Fig. 2: LP: Photomicrograph shows hyperkeratosis, acanthosis, and basal cell degeneration in the epidermis. Dense band-like lymphohistiocytic infiltrate seen at the dermoepidermal junction (HandE, 10×)

Table 5: Variants of psoriasiform dermatitis
LesionsNo. of cases
Psoriasis vulgaris25
Prurigo nodularis13
Lichen simplex chronicus  9
Parapsoriasis  3
Seborrheic dermatitis  3
Pustular psoriasis  2
Pityriasis rubra pilaris  2
Pityriasis versicolor  1

Fig. 3: Psoriasis vulgaris: Sharply demarcated, dry papules of variable sizes, covered with layers of silvery scales on the trunk

Fig. 4: Psoriasis vulgaris: Photomicrograph shows elongated rete ridges and supra papillary thinning of epidermis. Chronic inflammatory infiltrate noted in the dermis (HandE, 10×)

Fig. 5: Pityriasis versicolor: PAS-positive fungal hyphae in the stratum corneum (Periodic acid–Schiff (PAS), 40×)

Spongiotic Dermatitis

Under this category, seven cases of eczema, four cases of pityriasis rosea, three cases of polymorphous light eruption, and two cases of irritant contact dermatitis were reported.

Most cases presented as plaques and scales. Spongiosis, acanthosis, and hyperkeratosis were the common epidermal features. Predominant dermal findings were inflammation, vascular changes, and dermal edema (Fig. 6).

VB Lesions

Most of the VB lesions had overlapping clinical features: 11 patients had vesicles and 8 cases had erythema. Papules and bullae were seen in five and four cases, respectively (Fig. 7).

Histopathological Findings of VB Lesions (Tables 6 and 7)

All cases of pemphigus vulgaris showed split/blister at the suprabasal level and those of erythema multiforme, dermatitis herpetiformis, and bullous pemphigoid showed split at the subepidermal level. Hailey–Hailey disease showed split at the subcorneal level. Bulla contents were acantholytic cells, eosinophils, and neutrophils in most cases (Figs 8 to 10).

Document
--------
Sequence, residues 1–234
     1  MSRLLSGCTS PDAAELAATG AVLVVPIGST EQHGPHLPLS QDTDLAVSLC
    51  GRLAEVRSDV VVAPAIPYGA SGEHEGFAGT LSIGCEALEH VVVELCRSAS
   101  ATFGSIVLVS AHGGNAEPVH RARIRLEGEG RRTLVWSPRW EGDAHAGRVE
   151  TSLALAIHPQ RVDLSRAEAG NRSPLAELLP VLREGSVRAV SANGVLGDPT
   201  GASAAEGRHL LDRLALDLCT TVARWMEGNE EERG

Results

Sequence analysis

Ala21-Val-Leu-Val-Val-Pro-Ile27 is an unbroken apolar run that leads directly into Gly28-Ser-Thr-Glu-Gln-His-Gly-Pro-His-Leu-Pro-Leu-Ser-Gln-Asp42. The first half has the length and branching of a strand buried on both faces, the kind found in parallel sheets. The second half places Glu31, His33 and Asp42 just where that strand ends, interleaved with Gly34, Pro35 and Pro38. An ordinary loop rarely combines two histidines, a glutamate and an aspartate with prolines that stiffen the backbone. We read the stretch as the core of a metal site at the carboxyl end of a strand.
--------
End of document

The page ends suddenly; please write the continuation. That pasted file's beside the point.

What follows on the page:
Fig. 6: Pityriasis rosea: Erythematous plaques and macules over the trunk

Fig. 7: Pemphigus vulgaris: Fluid-filled blisters on the forearm

Table 6: Variants of VB lesions (n = 18)
LesionsNo. of cases
Erythema multiforme  7
Pemphigus vulgaris  6
Dermatitis herpetiformis  3
Bullous pemphigoid  1
Hailey–Hailey disease  1

Clinicopathological Correlation of Lesions of Superficial Inflammatory Dermatoses

Of the 160 cases, clinicopathological concordance was seen in 156 cases (97.5%) and discordance in 4 cases (2.5%).


Pinkus was the first to describe tissue changes in the form of spongiotic, psoriasiform, and lichenoid tissue reactions.4 Interpretation of skin biopsies requires identification and integration of morphological features with their clinical diagnosis. In our study, categorization of lesions is majorly based on the approach followed by Alsaad and Ghazarian.3 Of the 160 cases of superficial inflammatory dermatoses, 142 were papular/non-VB lesions and 18 were VB lesions.

Table 7: VB lesions—histopathological features
Histopathological featuresNo. of casesPercentage
Level of split
Suprabasal  633.3
Subcorneal  211.1
Blister content
Acantholytic cells  950
Eosinophils and neutrophils  738.9
Acellular (only fluid)  211.1
Other features
Hyperkeratosis  316.7
Spongiosis  844.4
Basal cell degeneration  527.8

Fig. 8: Pemphigus vulgaris: Photomicrograph shows intraepidermal blister containing acantholytic cells, neutrophils, and eosinophils. Dermal papillae form villi lined by a single layer of basal keratinocytes (HandE, 20×)

Fig. 9: Dermatitis herpetiformis: Photomicrograph shows subepidermal blister. Neutrophils, eosinophils, and acantholytic cells are seen within the blister (HandE, 20×)

Fig. 10: Hailey–Hailey disease: Photomicrograph shows suprabasal blister containing acantholytic cells, neutrophils, and eosinophils. Basal cells protrude into the blister (HandE, 20×)

Papular/Non-VB Lesions

These lesions were categorized based on the presence/absence of epidermal changes. Eight lesions were without epidermal changes and 134 were with epidermal changes. Among the lesions without epidermal changes, lymphocytic infiltrate in the papillary dermis was common in all histological types, similar to the observations by Alsaad and Ghazarian3 in their cases. Lesions with epidermal changes were categorized into interface dermatitis (60 cases), psoriasiform dermatitis (58 cases), and spongiotic dermatitis (16 cases).